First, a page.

What to do next?

  • A strong financial future starts with a solid financial plan. Check out our simple guide to making yours.
  • A financial professional may talk you through how changes to your financial goals can shift your saving, especially for retirement. Check with your HR department or employer to see if your company’s retirement savings plan offers this service. Or, we can help you find one.

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2. Set Up Your Savings Automatic Transfer

To err is human—and let’s face it, most of us would forget to put money into savings unless we automated the process. (Or we’d simply spend it on something else.) But automatic transfer is divine! In fact, it’s one of the easiest ways to help your money grow.

Your to-do: Call the bank where you keep your savings account, or log on online, and set up a bi-weekly automatic transfer from your checking account today. If you prefer, you can even reach out to your employer and have a portion of your paycheck direct deposited into savings, bypassing your checking account altogether. How much should you sock away? Start with 1%–2% of your income, and set a calendar alert to review in a month. The most important thing is to start the habit. Once you have, the opportunity to watch the balance grow will become an addiction.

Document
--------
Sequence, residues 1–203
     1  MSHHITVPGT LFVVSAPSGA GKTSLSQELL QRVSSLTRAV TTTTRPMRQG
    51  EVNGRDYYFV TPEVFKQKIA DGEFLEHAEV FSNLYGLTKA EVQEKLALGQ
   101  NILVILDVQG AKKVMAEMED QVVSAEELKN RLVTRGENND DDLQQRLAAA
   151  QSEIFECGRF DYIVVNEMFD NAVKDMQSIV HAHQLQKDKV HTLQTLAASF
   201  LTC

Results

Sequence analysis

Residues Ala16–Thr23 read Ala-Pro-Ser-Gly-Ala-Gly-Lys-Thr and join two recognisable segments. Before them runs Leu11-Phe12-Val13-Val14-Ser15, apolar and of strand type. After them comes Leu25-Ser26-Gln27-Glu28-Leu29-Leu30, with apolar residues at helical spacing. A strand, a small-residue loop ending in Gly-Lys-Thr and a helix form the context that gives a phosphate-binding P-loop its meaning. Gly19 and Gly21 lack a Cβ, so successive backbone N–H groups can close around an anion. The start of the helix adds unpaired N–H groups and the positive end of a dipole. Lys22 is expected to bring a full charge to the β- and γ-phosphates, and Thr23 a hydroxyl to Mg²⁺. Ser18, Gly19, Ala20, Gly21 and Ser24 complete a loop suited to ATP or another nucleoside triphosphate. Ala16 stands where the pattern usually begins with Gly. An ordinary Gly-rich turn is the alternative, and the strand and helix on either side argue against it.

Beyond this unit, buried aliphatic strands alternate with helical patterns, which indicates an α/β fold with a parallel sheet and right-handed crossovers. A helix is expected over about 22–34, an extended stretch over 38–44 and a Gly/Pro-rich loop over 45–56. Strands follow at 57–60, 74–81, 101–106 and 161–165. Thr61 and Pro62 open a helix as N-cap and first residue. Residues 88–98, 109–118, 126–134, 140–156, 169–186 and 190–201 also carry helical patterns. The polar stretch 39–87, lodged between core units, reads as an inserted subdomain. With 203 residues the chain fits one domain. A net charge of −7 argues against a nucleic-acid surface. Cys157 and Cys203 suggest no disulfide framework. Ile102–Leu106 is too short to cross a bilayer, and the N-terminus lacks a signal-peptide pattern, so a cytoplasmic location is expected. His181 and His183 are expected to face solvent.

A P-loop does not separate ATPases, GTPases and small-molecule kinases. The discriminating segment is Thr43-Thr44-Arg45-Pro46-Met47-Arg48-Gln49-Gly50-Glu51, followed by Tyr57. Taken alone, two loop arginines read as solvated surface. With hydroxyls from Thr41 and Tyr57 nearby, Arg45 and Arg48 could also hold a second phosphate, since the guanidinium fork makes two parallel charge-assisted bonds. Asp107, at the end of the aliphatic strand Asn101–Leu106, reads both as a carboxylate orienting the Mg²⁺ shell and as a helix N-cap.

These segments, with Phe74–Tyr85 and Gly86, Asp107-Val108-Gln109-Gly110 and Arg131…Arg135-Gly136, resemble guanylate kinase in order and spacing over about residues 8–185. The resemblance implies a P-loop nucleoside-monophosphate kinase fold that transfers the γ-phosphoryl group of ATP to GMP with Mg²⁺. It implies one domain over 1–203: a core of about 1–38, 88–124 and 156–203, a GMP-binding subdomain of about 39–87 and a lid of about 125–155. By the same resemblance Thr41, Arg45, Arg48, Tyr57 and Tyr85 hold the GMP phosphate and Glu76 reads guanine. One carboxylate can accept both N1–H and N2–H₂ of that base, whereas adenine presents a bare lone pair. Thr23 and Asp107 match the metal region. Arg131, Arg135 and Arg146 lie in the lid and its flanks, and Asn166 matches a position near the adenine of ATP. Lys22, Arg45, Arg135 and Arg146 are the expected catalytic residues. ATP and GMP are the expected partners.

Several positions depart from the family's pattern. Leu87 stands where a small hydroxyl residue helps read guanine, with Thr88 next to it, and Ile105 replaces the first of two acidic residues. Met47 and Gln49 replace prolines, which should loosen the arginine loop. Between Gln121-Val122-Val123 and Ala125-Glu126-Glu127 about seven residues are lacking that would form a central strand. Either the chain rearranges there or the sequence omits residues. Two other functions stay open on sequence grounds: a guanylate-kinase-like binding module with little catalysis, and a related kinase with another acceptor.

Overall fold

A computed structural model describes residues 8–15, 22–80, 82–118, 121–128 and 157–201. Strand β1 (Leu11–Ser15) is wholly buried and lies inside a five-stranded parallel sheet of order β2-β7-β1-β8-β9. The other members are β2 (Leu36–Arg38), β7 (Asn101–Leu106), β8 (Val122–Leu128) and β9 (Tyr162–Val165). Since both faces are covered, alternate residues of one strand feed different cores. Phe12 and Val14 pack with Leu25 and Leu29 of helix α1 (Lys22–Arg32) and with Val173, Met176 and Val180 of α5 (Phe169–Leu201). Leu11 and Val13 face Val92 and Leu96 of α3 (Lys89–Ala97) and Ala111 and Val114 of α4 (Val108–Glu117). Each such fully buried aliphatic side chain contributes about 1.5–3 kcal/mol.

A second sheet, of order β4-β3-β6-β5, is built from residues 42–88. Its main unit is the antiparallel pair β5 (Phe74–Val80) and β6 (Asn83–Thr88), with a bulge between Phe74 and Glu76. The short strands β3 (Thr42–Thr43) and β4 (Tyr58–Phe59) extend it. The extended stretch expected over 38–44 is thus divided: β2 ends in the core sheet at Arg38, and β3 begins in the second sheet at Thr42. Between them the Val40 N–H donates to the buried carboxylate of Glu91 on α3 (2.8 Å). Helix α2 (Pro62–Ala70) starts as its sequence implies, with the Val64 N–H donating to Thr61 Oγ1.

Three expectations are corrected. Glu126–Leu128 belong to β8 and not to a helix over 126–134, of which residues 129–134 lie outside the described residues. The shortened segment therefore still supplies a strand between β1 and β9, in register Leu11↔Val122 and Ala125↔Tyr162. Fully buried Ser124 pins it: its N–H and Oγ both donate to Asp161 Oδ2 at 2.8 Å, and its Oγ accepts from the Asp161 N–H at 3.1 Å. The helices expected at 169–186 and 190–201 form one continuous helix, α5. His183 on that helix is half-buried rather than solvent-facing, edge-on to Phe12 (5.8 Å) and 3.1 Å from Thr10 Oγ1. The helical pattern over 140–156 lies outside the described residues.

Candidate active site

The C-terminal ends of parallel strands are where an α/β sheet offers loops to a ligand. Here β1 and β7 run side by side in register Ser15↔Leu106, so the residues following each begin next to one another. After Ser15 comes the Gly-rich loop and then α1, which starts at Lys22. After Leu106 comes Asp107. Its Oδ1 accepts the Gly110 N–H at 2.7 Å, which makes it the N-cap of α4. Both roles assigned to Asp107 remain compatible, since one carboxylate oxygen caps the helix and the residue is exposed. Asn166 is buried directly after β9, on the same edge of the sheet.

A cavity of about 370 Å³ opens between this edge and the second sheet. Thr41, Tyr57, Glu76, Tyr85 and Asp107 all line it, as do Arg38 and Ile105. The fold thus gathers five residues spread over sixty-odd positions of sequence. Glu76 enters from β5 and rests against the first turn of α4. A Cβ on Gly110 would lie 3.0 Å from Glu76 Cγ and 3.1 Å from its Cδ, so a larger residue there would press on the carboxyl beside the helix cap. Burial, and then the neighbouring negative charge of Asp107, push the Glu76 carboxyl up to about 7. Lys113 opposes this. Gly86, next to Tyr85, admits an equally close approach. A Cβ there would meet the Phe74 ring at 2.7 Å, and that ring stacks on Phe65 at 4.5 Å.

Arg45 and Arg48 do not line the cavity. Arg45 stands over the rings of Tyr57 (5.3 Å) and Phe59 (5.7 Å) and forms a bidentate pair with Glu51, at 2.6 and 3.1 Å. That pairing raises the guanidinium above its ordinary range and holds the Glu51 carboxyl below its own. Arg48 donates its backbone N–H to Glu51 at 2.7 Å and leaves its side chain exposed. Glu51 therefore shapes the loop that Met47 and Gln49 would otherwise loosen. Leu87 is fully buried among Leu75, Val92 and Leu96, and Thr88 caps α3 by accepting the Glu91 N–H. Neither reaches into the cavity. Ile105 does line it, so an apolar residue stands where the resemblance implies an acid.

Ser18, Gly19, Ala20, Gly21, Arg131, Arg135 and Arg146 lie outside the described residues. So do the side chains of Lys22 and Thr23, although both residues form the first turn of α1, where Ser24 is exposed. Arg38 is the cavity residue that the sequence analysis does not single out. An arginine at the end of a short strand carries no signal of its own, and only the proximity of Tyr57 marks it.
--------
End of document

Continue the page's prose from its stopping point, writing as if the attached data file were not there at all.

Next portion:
Build your savings muscle

What you do today and where you put the money from your salary will determine if you have options. Options can give you freedom. No amount is too small as long as you start.

Think about it this way, when you start an exercise routine you may not start off with 100 sit-ups, perhaps you start with 30 or even 10. The strength and improvement come from doing the exercise consistently. Each time you exercise it becomes a bit easier. Slowly you add a few more sit-ups and you’ll see improvement.

Exercising and saving money are very similar. You may not see instant or drastic results, but slow and consistent actions will lead to an improvement in your physical or financial health.

Home Savings Tips

42. Comparison shop for homeowners insurance. Before renewing your existing homeowners insurance policy each year, check out the rates of competing companies.